Monday, April 28, 2014

Biting My Tongue at Easter

I love my family. I really do. Not just because I have to, or because I've known them longer than anyone else. Well, partly because of that, but I also love them individually for the people they are. They are kind and loving people, and have good intentions toward each other and the people in their worlds.

That said, I've always been a bit of an odd duck in my immediate family. I was the teenager who bleached my hair and dyed it with Manic Panic, and collected tattoos and body piercings. Then, I was the young adult who started getting all these crazy ideas about social and economic inequalities, and all the little elements from quotidian life that supported such inequalities. Everything from the racist subtext of Disney movies to the sexist assumptions behind cliche relationship dynamics was increasingly interesting to me, and I couldn't help but point out these things at family gatherings. My intent was always to inspire discussion, but it always ended up devolving into a family chuckle about how I was just being contrarian and nitpicky, like always.

That's fine, I guess. I know that I tend to read into everything more than others may feel comfortable or interested enough to do. I know that my doing so can be exhausting to others (hell, it exhausts me sometimes), and that there's value in just enjoying each other's company and shooting the breeze on some superficial level, without having to excavate the conversation for the ideologies beneath. I also know that this tendency of mine earns me the distinction of being the "weird" aunt/sister/daughter, which I would wear as a badge of honor, except that it can be quite alienating in practice.

Still, I can't help but be uncomfortable remaining silent when my brother in law's mother pokes fun of him in front of me and my own mom, as he is working in the kitchen with great effort and skill to prepare Easter dinner for his family. I can't laugh along as she jokes with me about men's lack of domestic skills, and I politely point out that gender alone has far less to do with domestic prowess than practice does.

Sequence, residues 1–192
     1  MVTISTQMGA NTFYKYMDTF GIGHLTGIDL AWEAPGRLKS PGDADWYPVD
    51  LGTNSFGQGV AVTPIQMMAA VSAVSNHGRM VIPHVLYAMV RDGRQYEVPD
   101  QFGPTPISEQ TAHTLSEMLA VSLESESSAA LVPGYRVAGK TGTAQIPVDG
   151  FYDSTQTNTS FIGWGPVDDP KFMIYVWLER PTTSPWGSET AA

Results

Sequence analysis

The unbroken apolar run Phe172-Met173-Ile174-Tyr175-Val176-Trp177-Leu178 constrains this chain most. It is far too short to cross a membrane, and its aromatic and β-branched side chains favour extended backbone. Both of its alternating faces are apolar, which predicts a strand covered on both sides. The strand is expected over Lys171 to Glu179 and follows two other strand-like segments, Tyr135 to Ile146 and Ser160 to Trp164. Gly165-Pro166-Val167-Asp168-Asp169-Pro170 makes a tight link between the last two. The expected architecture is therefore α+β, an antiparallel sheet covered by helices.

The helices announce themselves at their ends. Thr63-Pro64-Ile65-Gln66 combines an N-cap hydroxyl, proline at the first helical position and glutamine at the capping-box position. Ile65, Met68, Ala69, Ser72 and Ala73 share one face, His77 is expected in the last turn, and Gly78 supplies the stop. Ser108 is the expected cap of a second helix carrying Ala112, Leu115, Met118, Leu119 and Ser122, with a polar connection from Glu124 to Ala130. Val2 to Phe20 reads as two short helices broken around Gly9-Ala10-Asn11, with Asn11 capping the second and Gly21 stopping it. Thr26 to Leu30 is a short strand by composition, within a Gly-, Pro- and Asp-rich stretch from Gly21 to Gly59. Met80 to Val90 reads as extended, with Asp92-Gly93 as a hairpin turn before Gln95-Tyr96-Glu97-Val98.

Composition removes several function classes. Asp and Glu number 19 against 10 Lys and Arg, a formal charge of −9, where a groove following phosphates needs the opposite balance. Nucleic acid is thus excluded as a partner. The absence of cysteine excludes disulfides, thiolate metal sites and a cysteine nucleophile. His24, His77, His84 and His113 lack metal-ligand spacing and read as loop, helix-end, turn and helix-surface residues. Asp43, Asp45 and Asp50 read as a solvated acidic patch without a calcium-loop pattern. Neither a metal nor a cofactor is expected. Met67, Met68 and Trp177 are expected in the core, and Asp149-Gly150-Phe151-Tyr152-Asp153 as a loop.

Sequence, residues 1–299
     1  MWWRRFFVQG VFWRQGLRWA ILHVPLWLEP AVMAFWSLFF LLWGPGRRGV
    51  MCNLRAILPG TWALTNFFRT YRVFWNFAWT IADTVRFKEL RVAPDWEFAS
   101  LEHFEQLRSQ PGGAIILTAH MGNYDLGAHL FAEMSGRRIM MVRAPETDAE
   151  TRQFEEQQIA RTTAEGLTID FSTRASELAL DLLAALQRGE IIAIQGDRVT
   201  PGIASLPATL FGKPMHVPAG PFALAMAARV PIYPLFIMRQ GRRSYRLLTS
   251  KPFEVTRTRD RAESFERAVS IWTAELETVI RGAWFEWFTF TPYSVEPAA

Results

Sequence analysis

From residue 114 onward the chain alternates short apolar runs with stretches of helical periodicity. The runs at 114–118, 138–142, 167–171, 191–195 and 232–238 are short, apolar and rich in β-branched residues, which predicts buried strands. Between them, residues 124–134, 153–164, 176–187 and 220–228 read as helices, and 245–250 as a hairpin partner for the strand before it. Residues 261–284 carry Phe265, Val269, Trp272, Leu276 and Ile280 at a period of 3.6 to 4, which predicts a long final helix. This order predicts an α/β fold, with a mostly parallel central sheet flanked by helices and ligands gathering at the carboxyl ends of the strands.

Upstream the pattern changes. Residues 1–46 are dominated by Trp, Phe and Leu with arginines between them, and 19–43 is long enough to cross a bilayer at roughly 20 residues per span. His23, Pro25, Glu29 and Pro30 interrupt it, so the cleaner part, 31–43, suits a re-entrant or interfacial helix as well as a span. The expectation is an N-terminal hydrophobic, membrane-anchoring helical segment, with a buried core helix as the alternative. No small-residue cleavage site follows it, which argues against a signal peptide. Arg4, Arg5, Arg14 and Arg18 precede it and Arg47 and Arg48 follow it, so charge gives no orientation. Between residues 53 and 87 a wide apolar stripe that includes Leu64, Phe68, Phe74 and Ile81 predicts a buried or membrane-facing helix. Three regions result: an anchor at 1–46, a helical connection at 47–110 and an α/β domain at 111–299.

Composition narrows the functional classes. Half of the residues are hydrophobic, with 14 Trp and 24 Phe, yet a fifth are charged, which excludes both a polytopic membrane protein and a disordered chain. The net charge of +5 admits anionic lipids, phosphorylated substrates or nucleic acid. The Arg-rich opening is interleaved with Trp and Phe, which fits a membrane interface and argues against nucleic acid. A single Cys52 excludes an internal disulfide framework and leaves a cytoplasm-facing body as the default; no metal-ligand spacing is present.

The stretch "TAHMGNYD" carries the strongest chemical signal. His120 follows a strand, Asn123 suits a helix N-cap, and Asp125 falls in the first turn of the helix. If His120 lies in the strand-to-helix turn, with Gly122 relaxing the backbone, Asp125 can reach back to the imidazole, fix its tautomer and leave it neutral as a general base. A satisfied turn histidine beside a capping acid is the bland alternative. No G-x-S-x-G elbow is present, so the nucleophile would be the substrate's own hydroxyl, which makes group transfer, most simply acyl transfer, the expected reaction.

I squirm in my seat when my 19 year old nephew, fresh out of Marine Corps training, tells a story about how he was stopped at a suburban shopping mall this week by a security officer who thought he  was under 16, and thus in violation of the mall curfew policy. The security officer wouldn't accept his military identification as sufficient proof. "I just hate it when people have no respect for the military," my nephew complains loudly to us, and I shoot my husbutch a look that betrays my irritation. I say, "What -- did you want him to salute you?" and my mom elbows me from beside me on the couch. "Don't start," she says under her breath, but it doesn't matter. My nephew is still barking his indignation, and he doesn't hear me.

After dinner, several people are eating pie, when my sister, who has been holding her newborn baby for most of the last few hours, says to the room: "My husband didn't offer to bring me any pie." When my other sister gets up and offers to bring her some, she says: "No. I want him to feel guilty." At that point, I just can't anymore. I get up and quickly move to another room before I start calling out the meanness behind her banter, and how her attempt to exercise power in this way undermines genuine and mutually respectful relationships between men and women.

None of the comments in these scenarios were intended to be explicitly political, but they are nonetheless. The things we say, the way we treat each other, all matter. It is a reflection of our general approach to social issues and other people. Even casual comments or jokes that support stereotypes and social divisions have impact. In a sense, this banter has even more impact than an overt discussion of politics, because it is so easily trivialized and brushed off as meaningless.

Now, I'm not saying that we should censor ourselves in conversation with our friends and family in an attempt to achieve some kind of artificial political correctness. This is disingenuous and misses the point. I simply think that as a whole, we should be more open to examining the beliefs behind our words, the ideas behind our beliefs. This kind of conversation, especially when held among people with whom we are comfortable, helps us to become more thoughtful and introspective. It doesn't have to be contentious, and there doesn't have to be a winner. If we can figure out how to challenge each other and even disagree in the end without fighting and hurting feelings, how much would we all learn in the process?

I'll be the first to admit that I wasn't very successful on this front at last week's Easter gathering. I mostly bit my tongue and rolled my eyes. If anything, I probably came off as self-righteous and judgy. Maybe somebody should have called me out on it.

Monday, April 7, 2014

Here Come the Waterworks

I can always tell it's a therapy day because my eyes are still sore. I go every couple of weeks with my husbutch, to create a space where we can work on the things that we've decided we need help with: navigating parenting issues, staying emotionally connected as partners, communicating more effectively. Invariably I cry during therapy. I don't always know why, and I'm always trying to hold it back. Why? Because as soon as I let it happen, whatever we were talking about gets sidetracked, and the attention shifts to my tears. Why am I crying? Clearly there is something bothering me. What is it?